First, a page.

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Illinois Art Programs Facing 20 percent funding cuts

Gov. Bruce Rauner’s proposal to cut funding to the Illinois Arts Council by 20 percent is causing a Chicago group to worry it will have to scale back its art programs.

The Chicago Public Art Group fears a ripple effect in state cuts will lead to a reduction in youth, community and development activities in the over 40-year-old nonprofit organization.

“With this particular cut, Governor Rauner is moving a great piece of what (arts) organizations urgently need to provide quality services and quality opportunities and experiences for young people, and that’s a shame,” said Jon Pounds, executive director of the Chicago Public Art Group.

Art murals fill the walls of the CTA Pink Line station on 18th Street in Pilsen. Photo Credit: Cara Ball
Art murals fill the walls of the CTA Pink Line station on 18th Street in Pilsen. Photo Credit: Cara Ball

Chicago Public Art Group connects artists to different city communities to create quality public art pieces, including wall murals under the north branch of Lakeshore Drive and various projects at playgrounds and neighborhoods on the South and West Sides of the city.

“The grant cuts are going to make it harder to do those projects because the money that is available to do the projects does not cover general operating support,” Pounds said.

The group relies on grants to help cover overhead expenses, as well as programming and project expenses like labor and equipment, Pounds said.

For the 2014-2015 fiscal year, the Chicago Public Art Group received just one grant of $9,350 from the Illinois Arts Council Agency, which was in charge of distributing 690 grants totaling $4,892,870 in state money, according to the Illinois Arts Council Agency.

Shirley Madigan, chairman of the Illinois Arts Council Agency, declined requests for comment. Madigan is married to Michael Madigan, speaker of the Illinois House of Representatives.

Now that the remainder of the 2015 fiscal year budget has been frozen and slashes totaling roughly $2 million are expected, Pounds said the group will have to figure out what corners to cut in order to stay afloat on an already tight budget.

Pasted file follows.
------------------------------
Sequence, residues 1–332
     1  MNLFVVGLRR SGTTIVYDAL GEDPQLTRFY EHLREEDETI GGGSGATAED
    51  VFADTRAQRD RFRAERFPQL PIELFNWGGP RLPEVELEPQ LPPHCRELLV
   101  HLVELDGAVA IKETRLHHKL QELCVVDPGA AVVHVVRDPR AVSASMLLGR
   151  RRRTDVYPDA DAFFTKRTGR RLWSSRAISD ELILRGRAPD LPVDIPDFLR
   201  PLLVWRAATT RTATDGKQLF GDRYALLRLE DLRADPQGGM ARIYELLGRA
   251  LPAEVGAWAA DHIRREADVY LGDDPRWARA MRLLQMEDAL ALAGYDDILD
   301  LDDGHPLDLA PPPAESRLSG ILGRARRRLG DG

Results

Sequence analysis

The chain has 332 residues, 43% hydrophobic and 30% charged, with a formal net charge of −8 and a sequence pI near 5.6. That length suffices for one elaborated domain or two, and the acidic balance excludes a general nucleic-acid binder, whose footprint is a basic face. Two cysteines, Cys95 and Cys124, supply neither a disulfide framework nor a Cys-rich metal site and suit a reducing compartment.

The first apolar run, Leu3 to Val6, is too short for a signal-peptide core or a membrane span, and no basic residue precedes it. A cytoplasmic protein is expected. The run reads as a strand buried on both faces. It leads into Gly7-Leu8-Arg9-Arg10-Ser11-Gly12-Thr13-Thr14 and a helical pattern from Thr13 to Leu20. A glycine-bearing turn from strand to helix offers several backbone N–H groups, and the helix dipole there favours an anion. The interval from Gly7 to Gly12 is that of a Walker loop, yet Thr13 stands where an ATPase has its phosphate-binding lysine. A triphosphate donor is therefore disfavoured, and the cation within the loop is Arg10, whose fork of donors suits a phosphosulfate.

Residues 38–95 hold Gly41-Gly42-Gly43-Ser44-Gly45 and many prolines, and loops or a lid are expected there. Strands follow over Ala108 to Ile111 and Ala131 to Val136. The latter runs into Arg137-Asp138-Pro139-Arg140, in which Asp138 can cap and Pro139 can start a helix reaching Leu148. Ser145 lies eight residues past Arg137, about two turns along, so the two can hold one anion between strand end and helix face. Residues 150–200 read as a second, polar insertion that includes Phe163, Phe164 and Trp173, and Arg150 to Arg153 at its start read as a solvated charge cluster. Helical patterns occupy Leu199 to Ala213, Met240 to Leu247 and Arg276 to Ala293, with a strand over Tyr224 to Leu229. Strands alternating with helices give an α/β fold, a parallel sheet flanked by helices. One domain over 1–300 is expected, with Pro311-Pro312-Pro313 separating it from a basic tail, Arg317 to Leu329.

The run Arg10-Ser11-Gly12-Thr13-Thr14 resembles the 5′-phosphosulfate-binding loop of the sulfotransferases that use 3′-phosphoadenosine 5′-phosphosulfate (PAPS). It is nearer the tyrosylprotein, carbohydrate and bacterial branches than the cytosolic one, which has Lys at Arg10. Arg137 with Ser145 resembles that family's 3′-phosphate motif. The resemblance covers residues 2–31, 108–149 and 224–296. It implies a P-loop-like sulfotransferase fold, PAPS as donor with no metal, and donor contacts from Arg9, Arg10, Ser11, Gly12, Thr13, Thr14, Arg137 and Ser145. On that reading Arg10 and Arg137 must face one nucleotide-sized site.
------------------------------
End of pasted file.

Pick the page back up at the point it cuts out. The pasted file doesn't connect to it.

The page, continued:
“Now we have to figure out how to get by or replace the funding,” Pounds said.

That may call for seeking out additional donations from the community, or other programs that may provide grants for arts programs.

Proponents for the expansion and preservation of arts programs within the state expressed frustration with the planned cuts.

[pullquote]“These draconian cuts would be devastating to artists and cultural organizations across the state,”[/pullquote] Ra Joy, executive director of Art Alliance Illinois, an arts advocacy organization, said in an emailed statement.

Gov. Bruce Rauner did not respond to requests for comment.

Going forward, Joy said, her organization will continue to let state officials know they will remain active in pushing for expanded opportunities for Illinois arts programs and encouraged others who care for community arts programs to “stand up tall” and join their network of art activists in an effort to keep arts programs alive in Illinois..

“Arts Alliance Illinois and our many partners are working to protect Illinois’ investment in culture and the arts by actively engaging with the Rauner administration and leaders from the general assembly to reinforce how these deep cuts are counterproductive and do nothing to stimulate economic growth,” Joy said.

On Feb 3 The Illinois Arts Council Agency announced its guidelines and applications for 2016 funding were open. The deadline to apply is March 16.

Details of the proposed fiscal year 2016 budget can be found online.

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